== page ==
Historic Preservation in Connecticut
Innovative Public Policy Tools
Contact: Gregory Farmer, Connecticut Trust for Historic Preservation
Village Districts Act
The Village Districts Act, passed by the Connecticut General Assembly in 1998, is an aggressive tool to help municipalities protect and preserve their community character and historic development patterns. The enabling statute allows towns to designate “village districts” as a way of preserving neighborhoods, village enters, and business districts that have distinctive community character, notable landscape features, and historic structures.
Within these areas, the town zoning commission may adopt regulations governing such matters as the design and placement of buildings and maintenance of public views. These regulations "encourage conversion and preservation of existing buildings and sites in a manner that maintains the historic, natural and community character of the district." The act also provides "that proposed buildings or modifications to existing buildings be harmoniously related their surroundings, to the terrain and to the use, scale and architecture of existing buildings in the vicinity that have a functional or visual relationship to the proposed building or modification." The scale, proportions, massing, size, proportion and roof treatments should be compatible with the area and the "removal or disruption of historic traditional or significant structures or architectural elements shall be minimized."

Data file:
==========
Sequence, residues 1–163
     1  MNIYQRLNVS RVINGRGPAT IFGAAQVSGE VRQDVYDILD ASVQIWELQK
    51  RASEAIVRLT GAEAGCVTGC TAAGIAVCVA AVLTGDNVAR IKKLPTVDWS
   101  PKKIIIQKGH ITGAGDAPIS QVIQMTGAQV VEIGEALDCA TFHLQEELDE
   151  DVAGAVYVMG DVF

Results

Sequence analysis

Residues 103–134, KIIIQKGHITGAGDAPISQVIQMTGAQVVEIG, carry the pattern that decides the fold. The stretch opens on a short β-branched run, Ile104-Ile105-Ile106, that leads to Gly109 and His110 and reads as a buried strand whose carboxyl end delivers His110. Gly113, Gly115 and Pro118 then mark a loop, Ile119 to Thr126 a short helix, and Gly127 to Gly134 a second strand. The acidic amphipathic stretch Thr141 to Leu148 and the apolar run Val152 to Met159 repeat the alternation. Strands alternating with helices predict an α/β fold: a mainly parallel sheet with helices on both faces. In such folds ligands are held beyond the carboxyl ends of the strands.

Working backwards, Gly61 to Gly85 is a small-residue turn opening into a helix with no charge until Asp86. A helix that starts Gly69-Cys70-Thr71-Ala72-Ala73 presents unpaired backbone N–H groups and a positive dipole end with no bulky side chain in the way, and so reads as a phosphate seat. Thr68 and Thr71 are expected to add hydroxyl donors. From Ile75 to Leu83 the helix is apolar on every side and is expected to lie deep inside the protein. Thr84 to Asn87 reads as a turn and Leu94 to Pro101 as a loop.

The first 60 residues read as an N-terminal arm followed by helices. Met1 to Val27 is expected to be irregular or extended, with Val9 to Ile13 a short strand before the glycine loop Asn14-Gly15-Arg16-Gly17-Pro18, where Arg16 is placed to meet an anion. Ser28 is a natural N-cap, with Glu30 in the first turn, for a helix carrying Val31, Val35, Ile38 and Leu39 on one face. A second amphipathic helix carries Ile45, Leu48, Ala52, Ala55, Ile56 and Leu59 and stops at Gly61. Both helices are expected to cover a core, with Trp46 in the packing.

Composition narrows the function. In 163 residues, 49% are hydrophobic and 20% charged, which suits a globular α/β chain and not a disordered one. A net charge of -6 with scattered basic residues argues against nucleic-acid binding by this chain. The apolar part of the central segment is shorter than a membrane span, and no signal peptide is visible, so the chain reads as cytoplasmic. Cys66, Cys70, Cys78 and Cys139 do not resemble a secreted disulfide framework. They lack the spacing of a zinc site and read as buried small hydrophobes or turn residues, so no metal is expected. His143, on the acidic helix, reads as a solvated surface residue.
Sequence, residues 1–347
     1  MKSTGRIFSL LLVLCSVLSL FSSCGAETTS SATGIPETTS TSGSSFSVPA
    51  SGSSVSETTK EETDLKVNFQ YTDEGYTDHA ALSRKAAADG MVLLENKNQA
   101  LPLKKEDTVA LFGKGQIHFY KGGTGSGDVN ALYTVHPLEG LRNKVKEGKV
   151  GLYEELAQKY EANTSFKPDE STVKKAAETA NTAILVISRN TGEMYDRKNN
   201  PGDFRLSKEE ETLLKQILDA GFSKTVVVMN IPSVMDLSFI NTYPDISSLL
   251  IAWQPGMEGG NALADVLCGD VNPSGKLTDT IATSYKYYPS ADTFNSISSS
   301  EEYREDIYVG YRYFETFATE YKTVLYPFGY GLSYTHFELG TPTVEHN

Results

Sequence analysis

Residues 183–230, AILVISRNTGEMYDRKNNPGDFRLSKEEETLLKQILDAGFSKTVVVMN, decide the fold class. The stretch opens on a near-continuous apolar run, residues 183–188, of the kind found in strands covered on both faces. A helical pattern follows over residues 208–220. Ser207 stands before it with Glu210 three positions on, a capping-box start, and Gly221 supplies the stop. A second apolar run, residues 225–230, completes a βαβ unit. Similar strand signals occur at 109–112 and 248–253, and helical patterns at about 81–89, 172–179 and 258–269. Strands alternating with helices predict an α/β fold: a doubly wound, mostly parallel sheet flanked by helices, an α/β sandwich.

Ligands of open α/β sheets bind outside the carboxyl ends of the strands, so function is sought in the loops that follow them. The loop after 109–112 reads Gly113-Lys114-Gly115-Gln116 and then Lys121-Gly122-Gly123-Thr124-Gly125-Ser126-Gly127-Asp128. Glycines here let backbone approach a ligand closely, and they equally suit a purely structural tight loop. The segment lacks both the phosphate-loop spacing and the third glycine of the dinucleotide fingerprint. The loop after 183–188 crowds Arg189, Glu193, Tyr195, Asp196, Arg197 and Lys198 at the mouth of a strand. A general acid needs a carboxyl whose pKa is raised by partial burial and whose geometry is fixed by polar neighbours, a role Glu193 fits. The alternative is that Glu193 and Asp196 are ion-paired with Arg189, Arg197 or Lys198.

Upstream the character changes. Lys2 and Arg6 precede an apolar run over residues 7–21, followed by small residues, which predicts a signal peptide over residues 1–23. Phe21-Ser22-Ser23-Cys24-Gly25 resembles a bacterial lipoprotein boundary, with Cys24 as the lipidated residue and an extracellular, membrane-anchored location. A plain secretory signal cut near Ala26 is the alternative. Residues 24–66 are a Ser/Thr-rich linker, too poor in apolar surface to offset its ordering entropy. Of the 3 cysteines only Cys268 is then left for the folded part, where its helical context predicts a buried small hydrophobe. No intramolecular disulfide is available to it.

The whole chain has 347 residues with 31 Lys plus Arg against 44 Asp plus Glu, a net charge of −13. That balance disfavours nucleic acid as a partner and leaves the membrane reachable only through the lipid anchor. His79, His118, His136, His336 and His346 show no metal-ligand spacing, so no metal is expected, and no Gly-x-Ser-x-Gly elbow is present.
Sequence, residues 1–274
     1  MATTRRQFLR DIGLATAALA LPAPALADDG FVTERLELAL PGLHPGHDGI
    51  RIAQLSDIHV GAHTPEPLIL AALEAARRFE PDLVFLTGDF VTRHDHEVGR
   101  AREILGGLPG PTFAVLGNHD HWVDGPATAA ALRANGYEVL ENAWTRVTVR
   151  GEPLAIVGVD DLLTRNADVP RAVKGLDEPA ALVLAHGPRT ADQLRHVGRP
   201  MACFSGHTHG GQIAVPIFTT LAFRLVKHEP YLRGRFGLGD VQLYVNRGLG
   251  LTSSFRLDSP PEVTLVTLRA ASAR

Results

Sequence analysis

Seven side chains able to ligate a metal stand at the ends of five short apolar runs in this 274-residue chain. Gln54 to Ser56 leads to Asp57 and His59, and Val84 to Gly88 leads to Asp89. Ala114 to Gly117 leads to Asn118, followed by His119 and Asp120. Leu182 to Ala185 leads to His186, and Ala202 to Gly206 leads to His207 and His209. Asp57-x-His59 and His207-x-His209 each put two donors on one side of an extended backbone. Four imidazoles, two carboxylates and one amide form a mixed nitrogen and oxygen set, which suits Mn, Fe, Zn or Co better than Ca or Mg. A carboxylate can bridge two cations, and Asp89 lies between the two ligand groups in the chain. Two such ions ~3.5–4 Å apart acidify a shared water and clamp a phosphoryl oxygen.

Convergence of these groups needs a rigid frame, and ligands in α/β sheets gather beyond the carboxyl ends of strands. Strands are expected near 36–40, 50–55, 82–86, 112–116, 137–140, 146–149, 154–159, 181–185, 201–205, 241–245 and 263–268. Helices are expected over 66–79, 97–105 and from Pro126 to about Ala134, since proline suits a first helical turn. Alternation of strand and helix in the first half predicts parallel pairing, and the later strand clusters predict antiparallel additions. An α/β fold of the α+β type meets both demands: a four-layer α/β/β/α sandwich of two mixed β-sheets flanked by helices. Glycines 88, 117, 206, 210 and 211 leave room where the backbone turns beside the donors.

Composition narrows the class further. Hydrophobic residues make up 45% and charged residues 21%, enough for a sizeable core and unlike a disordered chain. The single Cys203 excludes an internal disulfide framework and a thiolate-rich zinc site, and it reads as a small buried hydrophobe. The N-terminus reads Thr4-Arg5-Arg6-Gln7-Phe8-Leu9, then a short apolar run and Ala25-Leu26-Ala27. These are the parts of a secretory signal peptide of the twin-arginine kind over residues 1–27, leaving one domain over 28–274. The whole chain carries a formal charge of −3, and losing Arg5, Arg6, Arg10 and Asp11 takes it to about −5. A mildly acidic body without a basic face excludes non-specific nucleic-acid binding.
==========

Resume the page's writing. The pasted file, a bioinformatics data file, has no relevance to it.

In addition to design, the arrangement and orientation of any proposed new construction should be compatible with the immediate neighborhood. In a village district, all applications for substantial reconstruction and new construction are subject to review and comment by a qualified architect or architectural design firm retained by the municipal commission.
The Village District Act can be adopted by urban, suburban, or rural communities that exhibit traditional 'village' characteristics. The process of designating a Village District entails five key steps:
Educate the residents and support for the designation of each area as a Village District.
Inventory the structures and landscape and settings of each district, and identify problems.
Establish standards of design unique to each area and in common to all, including public landscaping, sidewalks, lighting, street furniture, pedestrian, and bike and vehicle circulation.
Set up timing and funding schedules and adopt the needed zoning regulations.
Monitor progress and effects of the local zoning and revise as needed.
In Connecticut, the Village District is distinctly different from a regulatory Local Historic District. Both encourage the preservation of historic and scenic resources, but the processes for establishing each are different. The Local Historic District requires a lengthy study process, an affirmative vote by the property owners, and approval by the town. The Village District can be adopted directly by a vote of the Planning & Zoning Commission. The review process is different as well. Local Historic District reviews are usually conducted by the members of the district commission, while Village District reviews are conducted by a design professional who submits a report and recommendations to the zoning commission.
Find the Act HERE>>